I'm a slacker. I postpone things until the very last minute. Having the plan helped me get started on some heavier coding tasks early on -- without the plan, I'd just think "I can do that tomorrow, there are still several weeks left", but with the plan it's blindingly obvious that, say, "the voxel engine needs to get to at least a functional state in a week or there will be no voxels for Breakpoint".
Louie and Rubberduck have way more self-discipline than me. They'd get by quite fine without the plan.
The golden rule is: you control the plan -- the plan does not control you.
Who of the TBL guys are working together in the same company. What are you doing there exactly and how does this fact have any effects on your yearly BP demo?
Rubberduck is working as a producer at DICE, and Louie is Art Director at the same company. I used to work there as well, but since a few months I have returned to student life. Tudor is currently employed at SimBin. Yolk is down in Spain, probably still living off of his girlfriend. ;)Working in the games industry is often hectic. I don't know how, but Louie manages to do graphics in his spare time. I find it quite difficult to balance work and spare time -- either I work 120% or I don't work at all. It's difficult to make quality demos during such conditions. In case you wonder why there wasn'tmuch new coding visible for Little Nell and Magia -- well, there you have it. Work took precedence.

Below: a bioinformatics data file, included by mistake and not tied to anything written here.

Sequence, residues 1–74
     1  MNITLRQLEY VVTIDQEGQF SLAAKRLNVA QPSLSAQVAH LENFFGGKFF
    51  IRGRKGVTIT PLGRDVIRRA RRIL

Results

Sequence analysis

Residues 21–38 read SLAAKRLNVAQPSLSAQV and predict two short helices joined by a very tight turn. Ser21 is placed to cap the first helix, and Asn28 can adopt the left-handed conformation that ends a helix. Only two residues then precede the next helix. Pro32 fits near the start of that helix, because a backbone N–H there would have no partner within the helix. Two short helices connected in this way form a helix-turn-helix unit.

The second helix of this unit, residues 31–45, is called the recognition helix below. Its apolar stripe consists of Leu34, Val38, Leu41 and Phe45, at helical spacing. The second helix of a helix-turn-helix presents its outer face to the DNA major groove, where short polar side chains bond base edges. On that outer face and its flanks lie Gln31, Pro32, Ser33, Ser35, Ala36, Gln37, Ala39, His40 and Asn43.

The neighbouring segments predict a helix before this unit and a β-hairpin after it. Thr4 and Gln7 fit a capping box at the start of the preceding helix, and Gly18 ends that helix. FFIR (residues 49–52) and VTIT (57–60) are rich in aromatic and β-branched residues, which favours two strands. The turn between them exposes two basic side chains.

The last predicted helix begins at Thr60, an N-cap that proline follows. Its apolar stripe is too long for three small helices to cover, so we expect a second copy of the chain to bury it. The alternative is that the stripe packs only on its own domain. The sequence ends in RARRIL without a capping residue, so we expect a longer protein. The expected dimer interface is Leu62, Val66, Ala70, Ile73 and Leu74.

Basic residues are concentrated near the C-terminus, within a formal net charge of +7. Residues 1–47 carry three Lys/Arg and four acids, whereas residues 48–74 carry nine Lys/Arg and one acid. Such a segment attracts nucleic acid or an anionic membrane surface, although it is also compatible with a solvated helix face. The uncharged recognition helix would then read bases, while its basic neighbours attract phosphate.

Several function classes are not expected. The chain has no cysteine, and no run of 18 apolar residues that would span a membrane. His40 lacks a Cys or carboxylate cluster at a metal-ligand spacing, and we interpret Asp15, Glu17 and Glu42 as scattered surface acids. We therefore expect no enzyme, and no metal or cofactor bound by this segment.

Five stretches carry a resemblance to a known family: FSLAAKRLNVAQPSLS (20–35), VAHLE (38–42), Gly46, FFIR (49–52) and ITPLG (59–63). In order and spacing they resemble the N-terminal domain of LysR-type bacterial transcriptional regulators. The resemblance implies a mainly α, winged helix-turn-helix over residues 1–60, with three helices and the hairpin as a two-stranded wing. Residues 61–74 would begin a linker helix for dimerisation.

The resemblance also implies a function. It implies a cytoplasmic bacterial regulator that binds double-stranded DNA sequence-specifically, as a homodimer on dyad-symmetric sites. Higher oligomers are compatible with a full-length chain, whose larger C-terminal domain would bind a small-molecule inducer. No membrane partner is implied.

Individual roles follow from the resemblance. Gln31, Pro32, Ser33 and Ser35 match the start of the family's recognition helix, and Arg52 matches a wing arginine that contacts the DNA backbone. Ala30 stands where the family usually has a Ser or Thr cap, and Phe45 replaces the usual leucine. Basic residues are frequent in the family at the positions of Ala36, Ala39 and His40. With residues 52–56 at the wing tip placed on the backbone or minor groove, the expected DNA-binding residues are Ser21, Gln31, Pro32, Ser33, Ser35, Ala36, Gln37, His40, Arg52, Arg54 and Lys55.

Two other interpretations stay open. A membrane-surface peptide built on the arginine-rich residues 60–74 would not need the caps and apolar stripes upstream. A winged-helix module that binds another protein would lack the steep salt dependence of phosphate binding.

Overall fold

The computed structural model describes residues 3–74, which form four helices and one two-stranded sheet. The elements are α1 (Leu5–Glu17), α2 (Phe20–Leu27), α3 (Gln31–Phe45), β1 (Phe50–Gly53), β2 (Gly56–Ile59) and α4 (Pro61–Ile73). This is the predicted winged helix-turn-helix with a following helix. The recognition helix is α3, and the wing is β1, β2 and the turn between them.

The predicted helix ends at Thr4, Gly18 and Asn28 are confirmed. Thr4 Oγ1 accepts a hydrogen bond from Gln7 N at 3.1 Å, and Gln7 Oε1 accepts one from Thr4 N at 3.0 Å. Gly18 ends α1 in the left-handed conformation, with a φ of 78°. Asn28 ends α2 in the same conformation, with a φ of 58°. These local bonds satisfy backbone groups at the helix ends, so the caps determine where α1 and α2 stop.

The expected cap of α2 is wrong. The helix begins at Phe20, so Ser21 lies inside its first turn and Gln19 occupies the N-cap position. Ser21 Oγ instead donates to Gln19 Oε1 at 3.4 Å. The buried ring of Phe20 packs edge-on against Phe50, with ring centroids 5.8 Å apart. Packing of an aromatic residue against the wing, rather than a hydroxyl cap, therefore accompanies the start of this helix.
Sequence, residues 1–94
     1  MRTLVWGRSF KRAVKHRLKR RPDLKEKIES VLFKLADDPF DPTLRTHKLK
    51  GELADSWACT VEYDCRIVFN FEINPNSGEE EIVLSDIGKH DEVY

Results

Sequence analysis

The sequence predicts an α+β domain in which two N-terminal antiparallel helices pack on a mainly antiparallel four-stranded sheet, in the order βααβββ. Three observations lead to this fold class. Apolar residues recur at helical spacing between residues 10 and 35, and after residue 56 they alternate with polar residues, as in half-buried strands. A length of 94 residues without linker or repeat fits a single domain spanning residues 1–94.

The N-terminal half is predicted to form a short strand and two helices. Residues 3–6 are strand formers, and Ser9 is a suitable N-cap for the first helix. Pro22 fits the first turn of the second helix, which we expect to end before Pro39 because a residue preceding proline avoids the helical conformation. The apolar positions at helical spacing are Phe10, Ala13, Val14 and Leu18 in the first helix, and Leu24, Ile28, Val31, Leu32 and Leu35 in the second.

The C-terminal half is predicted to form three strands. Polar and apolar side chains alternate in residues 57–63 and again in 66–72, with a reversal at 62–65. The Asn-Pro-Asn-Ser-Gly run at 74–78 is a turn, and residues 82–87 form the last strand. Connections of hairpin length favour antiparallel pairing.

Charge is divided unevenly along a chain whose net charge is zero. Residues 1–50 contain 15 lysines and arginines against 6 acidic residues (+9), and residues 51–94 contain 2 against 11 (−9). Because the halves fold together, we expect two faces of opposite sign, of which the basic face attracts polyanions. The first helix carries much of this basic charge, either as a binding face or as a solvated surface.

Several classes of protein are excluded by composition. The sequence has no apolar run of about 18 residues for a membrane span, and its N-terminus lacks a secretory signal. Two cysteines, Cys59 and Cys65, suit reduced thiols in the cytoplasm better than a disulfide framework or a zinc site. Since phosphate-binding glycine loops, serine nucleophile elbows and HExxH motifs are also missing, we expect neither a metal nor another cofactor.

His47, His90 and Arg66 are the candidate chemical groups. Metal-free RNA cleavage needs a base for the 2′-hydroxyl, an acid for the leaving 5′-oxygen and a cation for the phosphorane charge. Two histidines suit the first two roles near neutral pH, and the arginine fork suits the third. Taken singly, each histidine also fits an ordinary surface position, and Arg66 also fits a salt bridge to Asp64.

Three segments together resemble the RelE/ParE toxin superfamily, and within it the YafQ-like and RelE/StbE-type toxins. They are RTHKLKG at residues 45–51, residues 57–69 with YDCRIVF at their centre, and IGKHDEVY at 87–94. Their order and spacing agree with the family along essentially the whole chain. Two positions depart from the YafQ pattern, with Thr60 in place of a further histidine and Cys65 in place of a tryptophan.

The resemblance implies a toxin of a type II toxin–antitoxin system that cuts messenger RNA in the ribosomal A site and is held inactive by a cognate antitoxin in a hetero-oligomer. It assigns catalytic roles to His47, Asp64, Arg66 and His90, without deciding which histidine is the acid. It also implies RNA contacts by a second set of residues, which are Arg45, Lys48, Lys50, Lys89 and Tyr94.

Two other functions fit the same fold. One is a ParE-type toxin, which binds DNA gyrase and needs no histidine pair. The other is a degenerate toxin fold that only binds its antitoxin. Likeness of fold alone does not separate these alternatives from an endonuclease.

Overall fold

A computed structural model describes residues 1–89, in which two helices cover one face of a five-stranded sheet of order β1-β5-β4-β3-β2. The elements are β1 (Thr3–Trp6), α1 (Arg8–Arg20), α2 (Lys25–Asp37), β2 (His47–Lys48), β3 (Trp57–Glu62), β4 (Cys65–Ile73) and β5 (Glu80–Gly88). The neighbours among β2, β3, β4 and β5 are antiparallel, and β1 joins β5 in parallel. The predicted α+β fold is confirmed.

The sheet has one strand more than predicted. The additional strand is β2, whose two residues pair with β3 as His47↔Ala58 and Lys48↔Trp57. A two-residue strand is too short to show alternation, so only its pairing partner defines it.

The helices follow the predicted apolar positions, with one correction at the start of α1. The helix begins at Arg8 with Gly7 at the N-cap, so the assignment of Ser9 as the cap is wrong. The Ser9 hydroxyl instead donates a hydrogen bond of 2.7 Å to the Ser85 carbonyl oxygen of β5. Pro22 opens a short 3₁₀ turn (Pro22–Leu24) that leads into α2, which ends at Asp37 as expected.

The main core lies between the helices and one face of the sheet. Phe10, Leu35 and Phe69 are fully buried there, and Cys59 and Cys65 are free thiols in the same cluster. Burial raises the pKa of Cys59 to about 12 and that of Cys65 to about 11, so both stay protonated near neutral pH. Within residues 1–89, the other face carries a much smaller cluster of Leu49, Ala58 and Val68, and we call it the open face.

It's another story now though. For instance, the voxel engine (ugly as it be) would not have been written if I was still working at DICE. Being a student certainly has its advantages, and a lot of spare time is one of them.
The best thing about working in the same company is that you meet the other people on an almost daily basis, can chitchat and discuss each others' ideas face-to-face. This is no longer the case, but we talk regularly via phone and ICQ, and a trip from Linkoping to Stockholm is only two hours... so the distance is not really a problem.
How came that you this time worked together with Yolk of Cncd?
Louie initially suggested the tune -- apparently he had wanted to make a demo with it as soundtrack for a long time. I welcomed the chance to go with a sound that wasn't industrial, classic demo fare. Rubberduck was initially not too keen on the concept, but we eventually won him over.
Is it really his little sister as the singer in the background and Jugi/Komplex as the one playing the piano?